Keeva Stratton,Â Quip Creative
Written and directed by Josh Fox
When theatre director and documentary filmmaker Josh Fox received a letter in the mail from a gas company offering him $100,000 for permission to explore his family\’s upstate New York property, he became more than a little curious. Unlike his neighbours, who were keen to sign on, Josh was wondering what the offer would really cost â€“ what he discovered is the terrifying truth behind natural gas drilling, and the powerful documentary Gasland was born.
The documentary follows Josh as he travels across America, speaking to those who have been affected by the controversial â€˜fracking\’ technique. From mysterious illnesses, chronic disease, dead animals and even tap water that can be set alight, this is a documentary that has to be seen to be believed.
From the highest echelons of the Bush/Cheney administration, to the legal minefield of gagging orders, Josh (and his banjo) travels the country bringing hope to those people who have become abused and tragic casualties of the profit-driven search for â€˜green\’ fuels. Rarely does a documentary bring to light an issue in such a moving and touching way â€“ I\’ll admit it, I actually cried.
I spoke with Josh, who was recently in Australia to promote the film, about how he handled such politically sensitive and powerful material.
Keeva: What made you curious?
Josh Fox: What the gas companies were saying seemed completely at odds with what they were doing â€“ so I had to find out. There is an innate understanding of environmental laws here in the US. When things are being exempt from the law for major industries it makes you suspicious. You had come to expect these things from the Bush/Cheney administration.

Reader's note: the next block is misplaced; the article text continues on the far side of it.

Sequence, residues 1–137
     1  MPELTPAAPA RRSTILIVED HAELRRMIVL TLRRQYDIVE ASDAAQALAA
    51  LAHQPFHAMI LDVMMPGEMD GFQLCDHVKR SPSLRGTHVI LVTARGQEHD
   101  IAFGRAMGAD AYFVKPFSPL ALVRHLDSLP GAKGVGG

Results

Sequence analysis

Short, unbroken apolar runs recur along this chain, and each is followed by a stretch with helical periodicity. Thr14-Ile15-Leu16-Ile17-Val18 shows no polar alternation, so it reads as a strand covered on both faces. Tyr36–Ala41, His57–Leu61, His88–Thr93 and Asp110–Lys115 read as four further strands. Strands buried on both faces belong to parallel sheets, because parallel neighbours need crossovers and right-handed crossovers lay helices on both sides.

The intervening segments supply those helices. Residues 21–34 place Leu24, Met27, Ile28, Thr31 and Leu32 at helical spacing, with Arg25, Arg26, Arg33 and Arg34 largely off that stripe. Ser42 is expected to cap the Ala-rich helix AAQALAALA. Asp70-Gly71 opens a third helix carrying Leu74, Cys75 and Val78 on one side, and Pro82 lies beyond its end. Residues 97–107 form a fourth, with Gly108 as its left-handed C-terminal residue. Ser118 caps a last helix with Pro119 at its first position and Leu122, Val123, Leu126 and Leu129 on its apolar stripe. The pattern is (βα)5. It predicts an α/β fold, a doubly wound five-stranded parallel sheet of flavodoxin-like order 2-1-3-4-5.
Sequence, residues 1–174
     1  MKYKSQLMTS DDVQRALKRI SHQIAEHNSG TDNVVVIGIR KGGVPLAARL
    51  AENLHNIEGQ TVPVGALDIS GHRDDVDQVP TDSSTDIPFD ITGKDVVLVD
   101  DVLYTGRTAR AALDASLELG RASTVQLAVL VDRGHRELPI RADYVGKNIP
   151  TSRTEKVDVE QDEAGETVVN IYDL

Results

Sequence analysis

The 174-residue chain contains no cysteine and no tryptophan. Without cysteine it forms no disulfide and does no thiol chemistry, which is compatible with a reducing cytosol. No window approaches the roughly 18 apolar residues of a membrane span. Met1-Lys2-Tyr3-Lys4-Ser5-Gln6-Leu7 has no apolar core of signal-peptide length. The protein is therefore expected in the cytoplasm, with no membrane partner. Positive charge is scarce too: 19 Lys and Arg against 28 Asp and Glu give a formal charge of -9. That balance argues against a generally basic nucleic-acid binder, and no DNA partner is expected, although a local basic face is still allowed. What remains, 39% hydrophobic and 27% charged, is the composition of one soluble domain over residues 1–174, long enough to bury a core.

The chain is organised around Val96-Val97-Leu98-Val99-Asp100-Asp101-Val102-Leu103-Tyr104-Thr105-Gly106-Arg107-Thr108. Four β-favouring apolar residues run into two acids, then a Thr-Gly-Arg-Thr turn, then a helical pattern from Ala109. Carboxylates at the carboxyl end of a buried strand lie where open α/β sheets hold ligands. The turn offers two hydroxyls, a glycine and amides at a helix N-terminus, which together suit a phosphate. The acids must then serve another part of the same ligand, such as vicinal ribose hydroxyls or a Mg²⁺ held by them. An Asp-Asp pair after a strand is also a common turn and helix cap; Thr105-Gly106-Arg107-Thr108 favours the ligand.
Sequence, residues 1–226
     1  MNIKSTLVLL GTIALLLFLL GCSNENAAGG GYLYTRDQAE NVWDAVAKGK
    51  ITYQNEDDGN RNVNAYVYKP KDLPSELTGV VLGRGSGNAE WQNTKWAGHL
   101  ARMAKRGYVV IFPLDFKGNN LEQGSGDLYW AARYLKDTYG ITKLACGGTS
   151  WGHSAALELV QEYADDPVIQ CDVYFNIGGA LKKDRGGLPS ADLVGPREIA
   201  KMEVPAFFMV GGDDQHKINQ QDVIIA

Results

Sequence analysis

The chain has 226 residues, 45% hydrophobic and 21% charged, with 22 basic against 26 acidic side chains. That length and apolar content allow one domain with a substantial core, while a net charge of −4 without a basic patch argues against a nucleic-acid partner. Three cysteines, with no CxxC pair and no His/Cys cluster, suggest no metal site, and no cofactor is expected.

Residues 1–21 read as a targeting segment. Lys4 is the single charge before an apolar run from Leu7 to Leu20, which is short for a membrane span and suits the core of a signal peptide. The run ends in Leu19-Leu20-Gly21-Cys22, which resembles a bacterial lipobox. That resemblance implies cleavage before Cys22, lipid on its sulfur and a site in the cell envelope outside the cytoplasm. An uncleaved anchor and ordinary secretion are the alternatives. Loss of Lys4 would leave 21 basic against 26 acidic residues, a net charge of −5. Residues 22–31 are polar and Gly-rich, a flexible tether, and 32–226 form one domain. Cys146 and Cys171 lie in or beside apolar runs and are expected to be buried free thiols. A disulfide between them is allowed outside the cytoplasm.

Keeva: How did you approach the documentary?
Josh Fox: The process was very organic from the material. The challenge was how to maintain the journalistic credibility while presenting it as entertaining. I guess because it\’s my story too, it gives you a certain amount of freedom. What I wanted was to create not just a piece of journalism but a piece of art.
Keeva: Were there any scary moments?
Josh Fox: From the very moment I began with the project there was a lot of fear. I found myself having to play detective; to be a private eye. The workers who handed me the unidentified bottle showed unbelievable bravery; they were later threatened with physical violence. Even though they were anonymous, people knew who they were because they quit their jobs just after.
Keeva: Natural gas mining and â€˜fracking\’ is currently being proposed in Sydney â€”what can we do?
Josh Fox: There are so many levels that you can make change; from speaking to each other about the issues, participating in protest marches, just spreading the word. It\’s about getting involved. Talk to your local Government.
Keeva: The film has won a slew of awards and a great deal of industry praise â€“ was that surprising?
Josh Fox: It\’s really terrific. More surprising was that I could speak with an American accent and people would actually like it (laughs).
Gasland is in cinemas from November 18.
Pictures courtesy of Palace Films
Category: Film & TV